PubMed = the U.S. National Institutes of Health’s National Library of Medicine (NIH/NLM), comprising of “more than 29 million citations for biomedical literature from MEDLINE, life science journals, and online books. Citations may include links to full-text content from PubMed Central and publisher web sites” .

PMC = “PubMed Central® (PMC) is a free fulltext archive of biomedical and life sciences journal literature at the U.S. National Institutes of Health’s National Library of Medicine (NIH/NLM)” with a whooping fulltext library of over 5 million papers and growing rapidly. Love PubMed!

By Neuronicus, 14 February 2019

Are you in love with an animal?

Sugar Candy Hearts by Petr Kratochvil. License: PD
Sugar Candy Hearts by Petr Kratochvil taken from publicdomainpictures. License: PD

Ren et al. (2015) gave sweet drink (Fanta), sweet food (Oreos), salty–vinegar food (Lays chips) or water to 422 people and then asked them about their romantic relationship; or, if they didn’t have one, about a hypothetical relationship. For hitched people, the foods or drinks had no effect on the evaluation of their relationship. In contrast, the singles who received sweets were more eager to initiate a relationship with a potential partner and evaluated more favorably a hypothetical relationship (how do you do that? I mean, if it’s hypothetical… why wouldn’t you evaluate it favorably from your singleton perspective?) Anyway, the singles who got sweets tend see things a little more on the rosy side, as opposed to the taken ones.

The rationale for doing this experiment is that metaphors alter our perceptions (fair enough). Given that many terms of endearment include reference to the taste of sweet, like “Honey”, “Sugar” or “Sweetie”, maybe this is not accidental or just a metaphor and, if we manipulate the taste, we manipulate the perception. Wait, what? Now re-read the finding above.

The authors take their results as supporting the view that “metaphorical thinking is one fundamental way of perceiving the world; metaphors facilitate social cognition by applying concrete concepts (e.g., sweet taste) to understand abstract concepts (e.g., love)” (p. 916).

So… I am left with many questions, the first being: if the sweet appelatives in a romantic relationship stem from an extrapolation of the concrete taste of sweet to an abstract concept like love, then, I wonder, what kind of concrete concept is being underlined in the prevalence of “baby” as a term of endearment? Do I dare speculate what the metaphor stands for? Should people who are referred to as “baby” by their partners alert the authorities for a possible pedophile ideation? And what do we do about the non-English cultures (apparently non-Germanic or non-Mandarin too) in which the lovey-dovey terms tend to cluster around various small objects (e.g. tassels), vegetables (e.g. pumpkin), cute onomatopoeics (I am at a loss for transcription here), or baby animals (e.g. chick, kitten, puppy). Believe me, such cultures do exist and are numerous. “Excuse me, officer, I suspect my partner is in love with an animal. Oh, wait, that didn’t come out right…”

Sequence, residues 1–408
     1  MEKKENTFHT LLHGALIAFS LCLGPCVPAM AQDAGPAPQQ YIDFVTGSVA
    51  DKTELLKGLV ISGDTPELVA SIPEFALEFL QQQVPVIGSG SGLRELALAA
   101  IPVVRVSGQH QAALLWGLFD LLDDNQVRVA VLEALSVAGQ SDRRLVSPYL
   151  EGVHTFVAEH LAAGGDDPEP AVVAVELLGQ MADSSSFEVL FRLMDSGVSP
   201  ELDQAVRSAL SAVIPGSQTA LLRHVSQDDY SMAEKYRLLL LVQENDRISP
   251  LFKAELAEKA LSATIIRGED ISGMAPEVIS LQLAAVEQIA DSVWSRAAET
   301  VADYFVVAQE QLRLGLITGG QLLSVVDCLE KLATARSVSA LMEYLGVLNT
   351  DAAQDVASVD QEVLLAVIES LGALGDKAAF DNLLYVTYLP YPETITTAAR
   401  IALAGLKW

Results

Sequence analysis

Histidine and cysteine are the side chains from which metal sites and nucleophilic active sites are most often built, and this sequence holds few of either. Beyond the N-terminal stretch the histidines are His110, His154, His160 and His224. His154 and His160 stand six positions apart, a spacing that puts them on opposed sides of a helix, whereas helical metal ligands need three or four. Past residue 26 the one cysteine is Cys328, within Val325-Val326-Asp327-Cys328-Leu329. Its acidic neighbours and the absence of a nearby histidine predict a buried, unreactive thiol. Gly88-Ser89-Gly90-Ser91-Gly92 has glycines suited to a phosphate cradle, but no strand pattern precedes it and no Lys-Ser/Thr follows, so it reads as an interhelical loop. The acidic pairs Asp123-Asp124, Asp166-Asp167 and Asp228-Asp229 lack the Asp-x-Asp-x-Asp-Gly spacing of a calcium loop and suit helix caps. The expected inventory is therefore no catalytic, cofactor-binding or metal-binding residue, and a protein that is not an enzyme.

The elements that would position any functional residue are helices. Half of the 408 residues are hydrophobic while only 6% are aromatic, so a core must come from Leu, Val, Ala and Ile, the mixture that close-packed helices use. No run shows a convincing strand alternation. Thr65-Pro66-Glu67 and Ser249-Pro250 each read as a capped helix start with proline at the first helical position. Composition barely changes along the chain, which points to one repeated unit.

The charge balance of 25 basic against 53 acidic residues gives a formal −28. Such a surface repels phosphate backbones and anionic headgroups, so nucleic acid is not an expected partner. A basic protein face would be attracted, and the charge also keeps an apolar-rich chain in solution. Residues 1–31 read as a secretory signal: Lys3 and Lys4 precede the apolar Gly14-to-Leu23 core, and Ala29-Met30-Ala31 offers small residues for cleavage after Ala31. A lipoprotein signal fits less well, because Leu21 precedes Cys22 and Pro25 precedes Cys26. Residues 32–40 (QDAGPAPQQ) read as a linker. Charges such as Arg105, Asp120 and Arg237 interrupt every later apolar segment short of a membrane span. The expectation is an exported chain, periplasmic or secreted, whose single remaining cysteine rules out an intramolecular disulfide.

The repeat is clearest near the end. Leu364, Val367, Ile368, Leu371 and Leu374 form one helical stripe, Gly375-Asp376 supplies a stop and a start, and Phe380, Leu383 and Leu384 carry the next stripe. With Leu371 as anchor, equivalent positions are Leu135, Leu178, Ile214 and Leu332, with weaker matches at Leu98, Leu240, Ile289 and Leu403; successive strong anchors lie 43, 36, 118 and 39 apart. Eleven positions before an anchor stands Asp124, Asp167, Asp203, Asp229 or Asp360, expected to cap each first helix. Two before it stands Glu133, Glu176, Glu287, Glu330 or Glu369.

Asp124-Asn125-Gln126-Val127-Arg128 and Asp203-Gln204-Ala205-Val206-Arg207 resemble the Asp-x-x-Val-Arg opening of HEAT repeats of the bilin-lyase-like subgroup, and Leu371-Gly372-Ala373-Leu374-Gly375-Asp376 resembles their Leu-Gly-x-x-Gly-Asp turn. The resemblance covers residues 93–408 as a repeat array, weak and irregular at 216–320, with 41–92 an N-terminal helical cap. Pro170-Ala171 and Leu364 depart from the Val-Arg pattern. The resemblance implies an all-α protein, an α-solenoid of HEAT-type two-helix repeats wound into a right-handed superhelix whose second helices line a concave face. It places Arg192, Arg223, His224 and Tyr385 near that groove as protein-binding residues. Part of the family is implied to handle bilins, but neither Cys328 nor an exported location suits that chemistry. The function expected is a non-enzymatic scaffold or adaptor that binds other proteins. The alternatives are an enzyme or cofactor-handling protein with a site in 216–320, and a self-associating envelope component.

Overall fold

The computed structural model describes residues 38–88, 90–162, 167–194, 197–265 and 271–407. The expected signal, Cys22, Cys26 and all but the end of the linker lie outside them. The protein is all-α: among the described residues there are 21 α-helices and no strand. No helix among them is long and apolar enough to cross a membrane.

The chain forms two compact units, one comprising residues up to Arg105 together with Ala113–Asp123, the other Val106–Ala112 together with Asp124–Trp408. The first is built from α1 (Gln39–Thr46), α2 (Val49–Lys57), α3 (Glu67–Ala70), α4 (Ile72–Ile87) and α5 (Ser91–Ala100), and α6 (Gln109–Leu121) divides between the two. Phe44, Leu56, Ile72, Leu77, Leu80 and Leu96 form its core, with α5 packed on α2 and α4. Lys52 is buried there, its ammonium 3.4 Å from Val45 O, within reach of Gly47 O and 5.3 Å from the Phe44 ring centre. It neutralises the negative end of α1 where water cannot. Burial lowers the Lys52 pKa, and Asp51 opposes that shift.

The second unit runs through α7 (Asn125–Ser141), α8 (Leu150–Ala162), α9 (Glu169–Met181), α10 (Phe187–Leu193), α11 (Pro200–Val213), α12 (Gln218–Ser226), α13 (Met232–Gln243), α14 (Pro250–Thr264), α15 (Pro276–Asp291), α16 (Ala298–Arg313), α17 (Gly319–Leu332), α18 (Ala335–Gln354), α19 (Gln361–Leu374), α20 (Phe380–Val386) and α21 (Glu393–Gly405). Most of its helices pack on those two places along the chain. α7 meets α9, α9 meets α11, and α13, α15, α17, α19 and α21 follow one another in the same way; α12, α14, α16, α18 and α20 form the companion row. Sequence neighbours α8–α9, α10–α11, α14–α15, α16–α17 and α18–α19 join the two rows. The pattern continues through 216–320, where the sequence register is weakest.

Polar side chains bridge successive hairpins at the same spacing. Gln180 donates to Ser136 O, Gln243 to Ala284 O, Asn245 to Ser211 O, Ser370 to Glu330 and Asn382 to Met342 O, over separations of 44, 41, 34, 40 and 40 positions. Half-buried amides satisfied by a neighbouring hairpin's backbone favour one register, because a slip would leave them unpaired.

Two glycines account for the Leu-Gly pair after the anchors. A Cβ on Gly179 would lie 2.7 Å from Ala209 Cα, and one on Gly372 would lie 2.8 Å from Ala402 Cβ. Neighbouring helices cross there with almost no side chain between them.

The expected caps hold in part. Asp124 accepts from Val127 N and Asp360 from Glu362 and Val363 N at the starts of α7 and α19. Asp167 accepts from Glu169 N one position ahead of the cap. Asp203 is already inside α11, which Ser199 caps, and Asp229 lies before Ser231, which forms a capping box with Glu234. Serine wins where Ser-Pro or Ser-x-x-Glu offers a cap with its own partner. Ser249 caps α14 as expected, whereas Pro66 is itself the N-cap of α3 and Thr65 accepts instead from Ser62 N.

Ok, maybe I missed something with this paper, as half-way through I failed to maintain proper focus due to an intruding – and disturbing! – image of a man, a chicken, and a tassel. So take the authors’ words when they say that their study “not only contributes to the literature on metaphorical thinking but also sheds light on an understudied factor that influences relationship initiation, that of taste” (p. 918). Oh, metaphors, how sweetly misleading you are…

Please use the “Comments” section below to share the strangest metaphor used as term of endearment you have ever heard in a romantic relationship.

Reference: Ren D, Tan K, Arriaga XB, & Chan KQ (Nov 2015). Sweet love: The effects of sweet taste experience on romantic perceptions. Journal of Social and Personal Relationships, 32(7): 905 – 921. DOI: 10.1177/0265407514554512. Article | FREE FULLTEXT PDF

By Neuronicus, 21 October 2015